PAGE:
Support Local Journalism. Join Riverfront Times Press Club.

Homespun: Scarlet Tanager 

American Songbird

Last week, a little-known sextet called Scarlet Tanager released a whimsical, high-production-value video for the song "Tumbleweed." In the clip, the six band mates are represented by googly-eyed puppets that go on tinfoil and cardboard-based adventures as the bouncy, whistle-heavy song plays in the background. The video was a perfect introduction to the band: a local group of siblings, spouses and friends, named after a red-plumed songbird, makes its opening salvo with an onslaught of felt and handclaps. Scarlet Tanager is relentlessly cute, yet in a way that is sugary but not lightweight. American Songbird is a well- arranged slice of indie pop, and singer/guitarist Susan Logsdon takes center stage amid trumpets, glockenspiel and some cheery, shouted backing vocals. Like most sweet things, it won't fill you up. But it also won't give you a cavity.

At first blush, it's easy to dismiss Scarlet Tanager as harmless, sexless twee-pop, and on a few cursory listens to the album, that's mostly all you'll hear. Songs of young love and bike rides mix with coloring-books metaphors and nursery rhyme snippets. Certainly, the ra-ra catchiness of a song like "Bum Bum Bum" begins to wear off, despite some slinky guitar lines and the obvious enthusiasm the band brings to nearly every track. But it's more accurate to say that Scarlet Tanager uses the shared language of childhood — long summers, skinned knees, secret hideaways — to make sense of the hormonal tidal waves and emotional bruises that come with growing up. With low drums, barbed guitar strokes and smoky delivery, "Baby Bunting" is, despite its title, the furthest thing from a lullaby; it sounds positively adult next to the shared hymns and sing-alongs on the rest of American Songbird. Similarly, the Mellotron flutes and gentles strums of "No One Likes a Quitter" shows that the sun must set on every summer. Songs like these serve as a reminder that inside every dead-eyed puppet, there's a human hand doing the real work.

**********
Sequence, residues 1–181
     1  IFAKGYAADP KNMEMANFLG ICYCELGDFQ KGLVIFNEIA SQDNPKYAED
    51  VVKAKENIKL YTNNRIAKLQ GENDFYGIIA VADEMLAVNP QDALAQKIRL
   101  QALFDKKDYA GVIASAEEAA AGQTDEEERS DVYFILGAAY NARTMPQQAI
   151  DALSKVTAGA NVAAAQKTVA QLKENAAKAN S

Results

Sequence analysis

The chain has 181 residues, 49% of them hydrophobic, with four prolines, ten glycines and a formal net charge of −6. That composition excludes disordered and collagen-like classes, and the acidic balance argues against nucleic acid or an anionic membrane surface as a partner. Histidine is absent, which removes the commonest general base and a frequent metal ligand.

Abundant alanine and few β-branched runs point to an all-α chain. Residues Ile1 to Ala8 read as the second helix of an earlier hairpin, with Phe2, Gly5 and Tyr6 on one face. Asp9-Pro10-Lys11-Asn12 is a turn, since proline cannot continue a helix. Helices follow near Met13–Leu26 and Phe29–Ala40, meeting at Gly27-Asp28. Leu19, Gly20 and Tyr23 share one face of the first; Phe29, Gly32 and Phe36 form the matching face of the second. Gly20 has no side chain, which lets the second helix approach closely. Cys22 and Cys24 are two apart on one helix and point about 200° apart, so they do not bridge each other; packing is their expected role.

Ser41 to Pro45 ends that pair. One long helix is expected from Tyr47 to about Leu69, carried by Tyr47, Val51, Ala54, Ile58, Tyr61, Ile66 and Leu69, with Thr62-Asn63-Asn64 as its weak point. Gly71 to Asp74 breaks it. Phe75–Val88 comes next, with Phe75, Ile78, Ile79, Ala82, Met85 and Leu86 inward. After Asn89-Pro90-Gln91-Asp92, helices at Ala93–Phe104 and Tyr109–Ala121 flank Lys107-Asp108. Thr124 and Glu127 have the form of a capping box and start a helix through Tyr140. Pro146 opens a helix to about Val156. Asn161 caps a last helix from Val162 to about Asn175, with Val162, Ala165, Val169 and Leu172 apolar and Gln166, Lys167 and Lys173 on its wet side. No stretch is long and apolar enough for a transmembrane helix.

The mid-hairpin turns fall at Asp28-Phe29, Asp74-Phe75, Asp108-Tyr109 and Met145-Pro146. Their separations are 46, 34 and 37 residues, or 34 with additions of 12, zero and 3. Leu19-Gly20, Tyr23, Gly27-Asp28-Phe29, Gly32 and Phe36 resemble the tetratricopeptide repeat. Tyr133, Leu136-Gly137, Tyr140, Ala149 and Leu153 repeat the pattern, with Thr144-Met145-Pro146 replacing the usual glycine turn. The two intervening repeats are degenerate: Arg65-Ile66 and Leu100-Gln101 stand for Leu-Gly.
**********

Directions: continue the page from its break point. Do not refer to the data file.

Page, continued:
Support Local Journalism.
Join the Riverfront Times Press Club

Local journalism is information. Information is power. And we believe everyone deserves access to accurate independent coverage of their community and state. Our readers helped us continue this coverage in 2020, and we are so grateful for the support.

Help us keep this coverage going in 2021. Whether it's a one-time acknowledgement of this article or an ongoing membership pledge, your support goes to local-based reporting from our small but mighty team.

Join the Riverfront Times Club for as little as $5 a month.

Read the Digital Print Issue

January 19, 2022

View more issues


Never miss a beat

Sign Up Now

Subscribe now to get the latest news delivered right to your inbox.

Best Things to Do In St. Louis

© 2022 Riverfront Times

Website powered by Foundation